This action came after a public outcry against the behaviour of young people who threw chairs, bottles, and other objects at a Battle of the Bands (BOTB) rock concert. However, the ban was short-lived as it was eased in a matter of days, except for heavy-metal music.

Then culture minister Datuk Seri Abdul Najib Razak had described it (heavy-metal music) as antisocial and a form of ‘satanic escapism’ that induces listeners to perform masochistic acts.

The alternative focus of urban youngsters

“But metal [rock] is really a way to offer more depth to the rock and roll genre,” expressed death metal vocalist Jaei Jokkhannaz, noting, “local rock music, especially in the late 80s to early 90s swere predominantly sounding more and more corny – no offence, but I’m talking about ‘rock kapak’.

Born Abdul Ramzee Abdul Hamid in Perlis, Jaei is part of a band called Sil Khannaz, which formed in 1987. He moved to Kuala Lumpur after completing his STPM with the commitment to pursue a career in rock music and has never looked back.

“You could say that the 90s rock generation was bored with what was offered in the past where the music became predictable.

“They wanted something fresh, something that melodically does not senselessly focus on heartbreaks. This was when the underground music scene (also known as the Malaysian independent or urban music scene, with the term ‘urban’ introduced in the late 90s) really took off.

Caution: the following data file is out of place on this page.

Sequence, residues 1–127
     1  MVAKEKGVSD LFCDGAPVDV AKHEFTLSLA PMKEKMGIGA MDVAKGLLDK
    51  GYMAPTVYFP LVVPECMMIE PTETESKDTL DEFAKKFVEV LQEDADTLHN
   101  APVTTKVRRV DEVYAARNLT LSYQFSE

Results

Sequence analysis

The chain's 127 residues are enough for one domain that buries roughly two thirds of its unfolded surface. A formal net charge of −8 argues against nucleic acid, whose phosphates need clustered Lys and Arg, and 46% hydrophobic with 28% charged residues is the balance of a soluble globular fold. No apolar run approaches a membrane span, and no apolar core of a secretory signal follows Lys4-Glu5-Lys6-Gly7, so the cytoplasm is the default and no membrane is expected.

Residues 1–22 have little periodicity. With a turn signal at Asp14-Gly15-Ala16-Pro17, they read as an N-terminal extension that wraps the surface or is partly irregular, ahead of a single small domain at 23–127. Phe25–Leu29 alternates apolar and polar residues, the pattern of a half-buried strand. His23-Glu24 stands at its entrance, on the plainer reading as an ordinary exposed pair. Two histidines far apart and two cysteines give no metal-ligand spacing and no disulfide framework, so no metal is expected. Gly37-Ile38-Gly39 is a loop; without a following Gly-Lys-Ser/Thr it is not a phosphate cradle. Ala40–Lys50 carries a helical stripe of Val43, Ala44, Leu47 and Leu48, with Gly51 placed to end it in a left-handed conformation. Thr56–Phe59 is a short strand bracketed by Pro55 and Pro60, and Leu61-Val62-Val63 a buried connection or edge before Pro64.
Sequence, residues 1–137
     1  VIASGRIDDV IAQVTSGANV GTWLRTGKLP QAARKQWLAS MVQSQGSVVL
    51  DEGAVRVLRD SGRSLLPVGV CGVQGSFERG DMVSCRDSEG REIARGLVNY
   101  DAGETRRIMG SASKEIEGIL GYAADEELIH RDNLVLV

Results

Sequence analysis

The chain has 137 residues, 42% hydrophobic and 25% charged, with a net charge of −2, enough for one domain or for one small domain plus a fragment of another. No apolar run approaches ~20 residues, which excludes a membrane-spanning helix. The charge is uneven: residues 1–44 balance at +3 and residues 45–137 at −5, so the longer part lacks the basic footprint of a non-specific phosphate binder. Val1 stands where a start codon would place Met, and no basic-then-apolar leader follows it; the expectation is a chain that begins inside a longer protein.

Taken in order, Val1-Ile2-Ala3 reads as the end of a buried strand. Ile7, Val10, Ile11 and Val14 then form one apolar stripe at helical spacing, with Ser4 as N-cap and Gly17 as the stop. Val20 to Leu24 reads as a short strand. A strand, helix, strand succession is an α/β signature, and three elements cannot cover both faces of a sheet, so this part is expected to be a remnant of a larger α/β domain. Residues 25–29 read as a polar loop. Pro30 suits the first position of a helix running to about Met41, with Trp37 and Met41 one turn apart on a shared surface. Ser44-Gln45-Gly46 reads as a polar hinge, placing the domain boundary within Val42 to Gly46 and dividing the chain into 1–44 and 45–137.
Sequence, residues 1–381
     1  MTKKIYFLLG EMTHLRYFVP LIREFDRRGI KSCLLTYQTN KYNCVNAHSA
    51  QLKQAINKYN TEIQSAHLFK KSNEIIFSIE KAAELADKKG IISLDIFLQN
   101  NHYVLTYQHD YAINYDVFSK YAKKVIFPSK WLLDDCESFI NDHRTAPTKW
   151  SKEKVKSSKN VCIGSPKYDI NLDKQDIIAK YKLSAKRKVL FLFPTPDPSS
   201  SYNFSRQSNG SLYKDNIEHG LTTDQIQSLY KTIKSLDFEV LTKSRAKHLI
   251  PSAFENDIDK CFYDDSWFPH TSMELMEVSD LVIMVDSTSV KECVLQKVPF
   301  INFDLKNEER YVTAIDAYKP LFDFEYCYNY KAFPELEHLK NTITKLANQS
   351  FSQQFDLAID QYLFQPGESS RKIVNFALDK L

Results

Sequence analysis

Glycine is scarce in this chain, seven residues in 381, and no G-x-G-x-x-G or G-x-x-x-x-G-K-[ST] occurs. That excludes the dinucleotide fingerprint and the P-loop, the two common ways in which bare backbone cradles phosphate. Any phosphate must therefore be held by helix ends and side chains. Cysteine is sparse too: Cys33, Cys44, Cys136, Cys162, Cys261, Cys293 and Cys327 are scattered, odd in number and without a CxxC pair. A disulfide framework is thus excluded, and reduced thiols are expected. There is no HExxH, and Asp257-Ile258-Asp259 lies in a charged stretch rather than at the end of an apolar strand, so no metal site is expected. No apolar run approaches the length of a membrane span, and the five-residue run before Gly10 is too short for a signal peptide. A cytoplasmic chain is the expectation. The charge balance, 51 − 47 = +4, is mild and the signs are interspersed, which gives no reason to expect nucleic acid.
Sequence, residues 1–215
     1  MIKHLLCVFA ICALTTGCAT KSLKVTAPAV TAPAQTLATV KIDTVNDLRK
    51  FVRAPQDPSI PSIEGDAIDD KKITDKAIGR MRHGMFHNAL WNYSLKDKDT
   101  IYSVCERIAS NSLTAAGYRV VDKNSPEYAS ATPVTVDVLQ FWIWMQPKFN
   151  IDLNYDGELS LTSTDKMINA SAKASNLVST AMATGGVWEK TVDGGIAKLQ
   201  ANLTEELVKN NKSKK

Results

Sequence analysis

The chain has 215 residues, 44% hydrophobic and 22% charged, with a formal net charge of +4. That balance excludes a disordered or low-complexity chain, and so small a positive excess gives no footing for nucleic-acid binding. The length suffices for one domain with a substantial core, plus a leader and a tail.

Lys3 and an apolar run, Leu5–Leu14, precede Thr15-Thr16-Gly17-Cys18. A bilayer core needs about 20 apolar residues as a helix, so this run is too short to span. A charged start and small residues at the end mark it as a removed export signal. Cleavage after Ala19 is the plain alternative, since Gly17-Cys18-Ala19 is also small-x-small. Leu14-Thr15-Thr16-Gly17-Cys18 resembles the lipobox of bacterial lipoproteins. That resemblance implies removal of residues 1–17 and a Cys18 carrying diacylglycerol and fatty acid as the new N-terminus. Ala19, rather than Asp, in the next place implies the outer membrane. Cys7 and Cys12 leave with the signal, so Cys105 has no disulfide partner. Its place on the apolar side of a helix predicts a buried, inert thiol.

“The revolution truly started when thrash music (an extreme subgenre of heavy metal music characterised by its overall aggression and often fast tempo) was fast emerging,” he added.

An easy example of this type of music is by looking at what American band Metallica brought to the table, as well as a more homegrown ones such as Nemesis and Punisher among them.

The writer had a chance encounter with the rocker when making rounds at Campbell Complex, one of the notable hangout joints where rock fans would converge back in the day.

Jaei owns a store together with a community of partners there called Mamat Records selling – you guessed it – metal music goods and merchandise.

“We (rock enthusiasts) became more unapologetic when it comes to creativity, and by this, I mean writing (our) own lyrics and materials, not depending entirely on cookie-cutter composers/producers that exist outside of the band,” he noted.